A few weeks ago, in this post, someone took our PoC as an inspiration and developed another way of bypassing the filter. This one is still not fixed. The trick is to inject an opening "script" tag inside a parameter that is written directly in the HTTP request output stream. This is, without filtering any character just as our case. In this writing there should be content inside scripts tags that belongs to the web itself.

The browser will include our injection (remember, without closing the tag), omit the "script" opening tag from the web itself, and now, use the closing one from the web to create a well formed script and execute it... this is the bypass.

Safari, still vulnerable

Safari for Mac and iPhone is vulnerable as well. They confirmed our email, and told us they were working on it. And seems that they still are, since the program is still vulnerable. Everytime we have tried to contact back with them again, they reply back telling there is no news, but they are working on it. Internet Explorer filters it with its own filter, and Firefox does not implement an XSS filter by itself.

Banking trojan I+D: 64 bits versions and using TOR

Tuesday, January 7, 2014

Malware industry needs to improve and keep on stealing. So they research and invest. There are two different ways of investing if you are "in the business": one is investing in new vulnerabilities so you can infect more efficiently. This is complex and will not talk about that in this post. The other side to invest in, is how to steal more efficiently once the victim is infected. What have they done about it lately?

Which is the most lucrative banking trojan?

There are millions of banking trojans. More that you can probably imagine, and more than the antivirus companies can handle. But most of them have quite a lot in common. Basically in their targets (stealing, the more the better) and in the way they break into a system and keep the infection. 

If we simplify a lot, the most lucrative banking trojan is the one we call "ZeuS" or "Zbot", born in late 2005. Zeus, depending on who you are talking to, is one thing or another. Its story is long enough to cover code leakages, mutations, copycats... For this article, ZeuS is basically a philosophy and a template. A "template" because it allows, with a program, to create a banking trojan targeting bankings on demand, with its own syntax and some rules. A DIY kit with very advanced features. It is also a "philosophy" because of the way it steals, that may be considered a standard nowadays. ZeuS consolidated a style in banking trojan. What it does, and the basis of its success is (among mucho more things):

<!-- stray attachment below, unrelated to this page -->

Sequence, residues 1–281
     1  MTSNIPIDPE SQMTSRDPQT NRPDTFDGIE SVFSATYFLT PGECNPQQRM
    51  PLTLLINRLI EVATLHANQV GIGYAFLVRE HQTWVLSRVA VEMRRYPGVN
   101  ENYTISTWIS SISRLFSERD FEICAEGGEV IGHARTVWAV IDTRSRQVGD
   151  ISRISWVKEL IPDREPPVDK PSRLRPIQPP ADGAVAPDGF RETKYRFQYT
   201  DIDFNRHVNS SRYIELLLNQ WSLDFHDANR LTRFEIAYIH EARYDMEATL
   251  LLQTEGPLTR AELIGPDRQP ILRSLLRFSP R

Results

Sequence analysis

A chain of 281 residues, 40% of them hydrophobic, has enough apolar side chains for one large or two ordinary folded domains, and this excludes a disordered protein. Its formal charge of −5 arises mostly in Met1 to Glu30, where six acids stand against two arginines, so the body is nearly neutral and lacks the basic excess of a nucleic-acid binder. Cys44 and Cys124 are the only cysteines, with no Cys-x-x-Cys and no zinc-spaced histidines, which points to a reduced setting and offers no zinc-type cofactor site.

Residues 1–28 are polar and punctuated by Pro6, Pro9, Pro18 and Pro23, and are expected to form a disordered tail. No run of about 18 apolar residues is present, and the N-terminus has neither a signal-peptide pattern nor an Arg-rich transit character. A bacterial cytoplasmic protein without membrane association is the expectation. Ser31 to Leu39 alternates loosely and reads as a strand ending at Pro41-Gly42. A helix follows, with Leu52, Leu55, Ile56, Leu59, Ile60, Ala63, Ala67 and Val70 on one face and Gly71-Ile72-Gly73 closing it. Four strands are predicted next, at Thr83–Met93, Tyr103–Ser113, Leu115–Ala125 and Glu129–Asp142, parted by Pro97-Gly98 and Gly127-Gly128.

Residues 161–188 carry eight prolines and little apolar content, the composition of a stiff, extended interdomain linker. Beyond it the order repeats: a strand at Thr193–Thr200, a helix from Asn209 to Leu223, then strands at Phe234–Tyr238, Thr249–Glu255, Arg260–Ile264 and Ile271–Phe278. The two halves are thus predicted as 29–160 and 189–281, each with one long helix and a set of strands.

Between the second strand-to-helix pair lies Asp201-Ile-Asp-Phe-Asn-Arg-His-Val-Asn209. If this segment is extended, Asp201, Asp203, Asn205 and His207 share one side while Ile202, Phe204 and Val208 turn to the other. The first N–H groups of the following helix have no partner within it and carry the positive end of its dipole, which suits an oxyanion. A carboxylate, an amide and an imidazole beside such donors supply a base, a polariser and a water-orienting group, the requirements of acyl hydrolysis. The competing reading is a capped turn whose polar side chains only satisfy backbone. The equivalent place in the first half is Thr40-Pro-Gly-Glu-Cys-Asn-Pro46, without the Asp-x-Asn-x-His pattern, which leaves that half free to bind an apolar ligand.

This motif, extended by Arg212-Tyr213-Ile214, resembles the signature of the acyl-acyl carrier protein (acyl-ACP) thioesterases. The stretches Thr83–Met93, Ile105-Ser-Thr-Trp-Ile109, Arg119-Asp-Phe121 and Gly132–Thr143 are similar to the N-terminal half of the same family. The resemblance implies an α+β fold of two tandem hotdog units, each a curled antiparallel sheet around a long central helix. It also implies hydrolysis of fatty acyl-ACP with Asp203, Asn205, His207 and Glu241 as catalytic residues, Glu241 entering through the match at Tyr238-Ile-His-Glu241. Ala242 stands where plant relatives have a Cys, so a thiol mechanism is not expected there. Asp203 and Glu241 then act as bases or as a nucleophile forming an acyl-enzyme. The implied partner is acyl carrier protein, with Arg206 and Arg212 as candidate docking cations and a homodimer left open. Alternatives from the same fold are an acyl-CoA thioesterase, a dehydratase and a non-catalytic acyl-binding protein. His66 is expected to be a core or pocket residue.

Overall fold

• It injects itself in the browser, so it can modify what the user actually sees in the screen. It injects new fields or messages and modifies the behavior or sends the relevant data to the attacker. 
  • If not injecting anything, it captures and sends all the outgoing https traffic to the attacker.
In this way and with this basic structure, ZeuS (as a concept) is alive and kicking for 8 years now. There is some more malware with different names, but fundamentally, they follow some of this style patterns.

Browser usage. 64 bits Chrome version is under developing in Windows. 64 bits version for Firefox for Windows was even cancelled for a while.
What are they investing in?

ZeuS has evolved technically, but maintaining same basic structure. Is there an "official"  ZeuS branch? Yes, you can buy it, but there are forks and other variants that became standard. Some features appear from time to time and some group of attackers adopt, copycat or buy them.

Focusing on latest changes, the most significant observed are:  Using TOR to communicate to Command and Control Servers and Zeus compiled directly for 64 bits. Although not seen "in the wild", this improves dramatically ZeuS capabilities.

One of the weak points (and advantages, in a way) of ZeuS (and malware in general these days) is that it strongly depends on external servers. Once these servers are down, the trojan becomes mostly useless. To solve this, so far they have used dynamic domains, domain random generator, fast flux playing with DNS, bulletproof hosting... and all these techniques are ok but they result expensive. Using TOR and .onion domains gives them "inexpensive" strength. Shutting down this servers will be very difficult for the good guys, and easier for the attacker to keep than any other "resilient" infrastructure used so far.

On the other hand, creating a 64 bits native version requires some clarification. Today, most of Windows system are 64 bits. In this architecture, 64 and (most of) 32 bits applications (except drivers) can run without problems. That is way today most of programs are compiled for 32 bits, so they can run in XP (with a not very used 64 bit version) and any other Windows (mostly 64 bits). So developers create 32 bits versions for all of them to ease compatibility. So does malware. Today, even with a 64 bits OS, browsers are still 32 bits (even IE, that comes in this two flavors in latest Windows). The reason is being compatible with plugins and extensions that are still 32 bits. So, why creating a 64 bit version of malware? Just because they can. They are maybe experimenting right now, for the near future. In fact, the 64 bit version have been detected "inside" a 32 version. This means that, once infected, it uses one or another depending on the browser. They will find very few people using a 64 bits browser (Kaspersky says only 0,01% of desktops are using native 64 bits IE), but that few is a market they do not want to refuse to, and when it raises (browsers are making efforts to have native 64 bits versions that will end up imposing) they want their software to be ready.

There is maybe another reason. Using 64 bits versions makes them even more unnoticeable for sandboxes in antivirus companies. This is the first step for most of AVs that goes through this detection circuit: sandbox, and, if suspicious, deeper analysis and, if even more suspicious but not classified yet... manual analysis. XP is still very used as a sandbox. 64 bits version of malware will not work there, and will go probably as a corrupted file. But this depends much on their resources and the way they work.

What that this changes mean?

That banking trojan developers do not fear users and just a little bit the AV companies... Their only limitations are their own technical skills. If they want to, they can be even more proactive than any other industry. And that they want the whole cake of users with every single nickel they have.

Sergio de los Santos